• promote healthy foods and water, including fruits, vegetables, whole grains, and low-fat dairy products; and


School Meals
Meals served through the National School Lunch and Breakfast Programs will:

  • be appealing and attractive to children;
  • be served in clean and pleasant settings;
  • meet, at a minimum, nutrition requirements established by state and federal law;
  • offer a variety of fruits and vegetables;
  • serve only low-fat (1%) and fat-free milk and nutritionally equivalent non-dairy alternatives (as defined by the USDA); and,
  • ensure that half of the served grains are whole grain.

Schools should share information about the nutritional content of meals with parents and students.  (The information could be available on menus, a web site, on cafeteria menu boards, placards or other point-of-purchase materials).

To ensure that all children have breakfast, either at home or at school, in order to meet their nutritional needs and enhance their ability to learn, schools will:

  • operate the breakfast program, to the extent possible;
  • arrange bus schedules and utilize methods to serve breakfasts that encourage participation, including serving breakfast in the classroom, “grab-and-go” breakfasts or breakfast during morning break or recess, to the extent possible;
  • notify parents and students of the availability of the School Breakfast Program through the school website and handbooks.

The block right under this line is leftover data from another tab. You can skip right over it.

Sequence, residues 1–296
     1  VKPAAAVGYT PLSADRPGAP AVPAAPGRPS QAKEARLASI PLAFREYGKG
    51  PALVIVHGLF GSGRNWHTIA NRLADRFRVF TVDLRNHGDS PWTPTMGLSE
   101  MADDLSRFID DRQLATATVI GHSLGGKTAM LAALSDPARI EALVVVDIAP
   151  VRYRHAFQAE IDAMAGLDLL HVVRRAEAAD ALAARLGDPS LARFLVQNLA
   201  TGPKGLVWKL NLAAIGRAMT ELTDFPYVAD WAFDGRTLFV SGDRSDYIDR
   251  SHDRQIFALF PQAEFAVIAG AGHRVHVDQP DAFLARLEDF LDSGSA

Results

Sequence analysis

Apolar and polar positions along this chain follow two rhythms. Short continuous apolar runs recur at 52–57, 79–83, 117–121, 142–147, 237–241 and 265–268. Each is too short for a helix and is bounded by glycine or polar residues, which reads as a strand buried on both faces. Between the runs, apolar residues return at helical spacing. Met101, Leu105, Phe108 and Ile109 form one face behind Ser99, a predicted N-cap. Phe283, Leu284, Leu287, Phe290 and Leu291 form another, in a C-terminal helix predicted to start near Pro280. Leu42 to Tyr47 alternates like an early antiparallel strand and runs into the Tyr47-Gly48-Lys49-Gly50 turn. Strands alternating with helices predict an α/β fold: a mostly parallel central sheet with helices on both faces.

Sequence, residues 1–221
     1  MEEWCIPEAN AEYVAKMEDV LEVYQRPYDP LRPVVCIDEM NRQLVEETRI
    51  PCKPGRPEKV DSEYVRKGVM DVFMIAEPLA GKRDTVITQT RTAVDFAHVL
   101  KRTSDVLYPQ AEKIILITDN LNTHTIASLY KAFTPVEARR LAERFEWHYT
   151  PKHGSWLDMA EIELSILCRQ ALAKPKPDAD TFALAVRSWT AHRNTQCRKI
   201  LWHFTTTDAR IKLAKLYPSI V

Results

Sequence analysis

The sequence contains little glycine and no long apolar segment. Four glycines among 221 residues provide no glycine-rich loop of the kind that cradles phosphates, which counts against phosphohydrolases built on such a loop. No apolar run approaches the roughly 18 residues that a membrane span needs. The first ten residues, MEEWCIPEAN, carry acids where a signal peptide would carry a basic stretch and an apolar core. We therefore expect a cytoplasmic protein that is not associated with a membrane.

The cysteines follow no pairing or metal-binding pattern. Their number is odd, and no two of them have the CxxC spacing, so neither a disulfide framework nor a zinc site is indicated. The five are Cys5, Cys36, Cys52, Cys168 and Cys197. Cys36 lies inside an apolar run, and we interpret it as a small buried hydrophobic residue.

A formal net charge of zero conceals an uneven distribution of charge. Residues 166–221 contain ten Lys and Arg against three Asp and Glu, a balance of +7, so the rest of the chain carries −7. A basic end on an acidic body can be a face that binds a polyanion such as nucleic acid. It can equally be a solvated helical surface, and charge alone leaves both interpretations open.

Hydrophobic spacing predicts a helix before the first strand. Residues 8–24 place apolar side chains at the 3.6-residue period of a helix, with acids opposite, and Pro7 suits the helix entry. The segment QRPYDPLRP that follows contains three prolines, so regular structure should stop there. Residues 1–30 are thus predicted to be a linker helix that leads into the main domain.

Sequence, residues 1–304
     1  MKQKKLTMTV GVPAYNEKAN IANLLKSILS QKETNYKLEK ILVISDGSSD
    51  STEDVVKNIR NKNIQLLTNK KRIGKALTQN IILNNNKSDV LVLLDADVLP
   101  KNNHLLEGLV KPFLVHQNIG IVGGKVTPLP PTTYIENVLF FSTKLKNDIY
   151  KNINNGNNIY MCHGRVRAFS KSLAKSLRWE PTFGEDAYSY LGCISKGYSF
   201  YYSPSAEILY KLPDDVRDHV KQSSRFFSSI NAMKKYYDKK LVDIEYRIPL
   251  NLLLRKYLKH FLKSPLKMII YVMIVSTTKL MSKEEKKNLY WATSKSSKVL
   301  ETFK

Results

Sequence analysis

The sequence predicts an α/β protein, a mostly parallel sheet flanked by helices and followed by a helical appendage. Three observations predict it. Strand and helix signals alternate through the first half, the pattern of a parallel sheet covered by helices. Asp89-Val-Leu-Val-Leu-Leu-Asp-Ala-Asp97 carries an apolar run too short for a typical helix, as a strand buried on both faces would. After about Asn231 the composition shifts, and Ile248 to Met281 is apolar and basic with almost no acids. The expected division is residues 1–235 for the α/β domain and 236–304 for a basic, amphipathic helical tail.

• encourage parents to provide a healthy breakfast for their children through newsletter articles, take-home materials or other means.

Free and Reduced-Priced Meals
The school district will make every effort to eliminate any social stigma attached to, and prevent the overt identification of, students who are eligible for free and reduced-price meals.  Toward this end, the school district will:

  • utilize electronic identification and payment systems;
  • provide alternate meals at no charge to all children, regardless of income; and,
  • promote the availability of meals to all students.

Meal Times and Scheduling
The school district:

  • will provide students with at least 10 minutes to eat after sitting down for breakfast and 20 minutes after sitting down for lunch;
  • should schedule meal periods at appropriate times;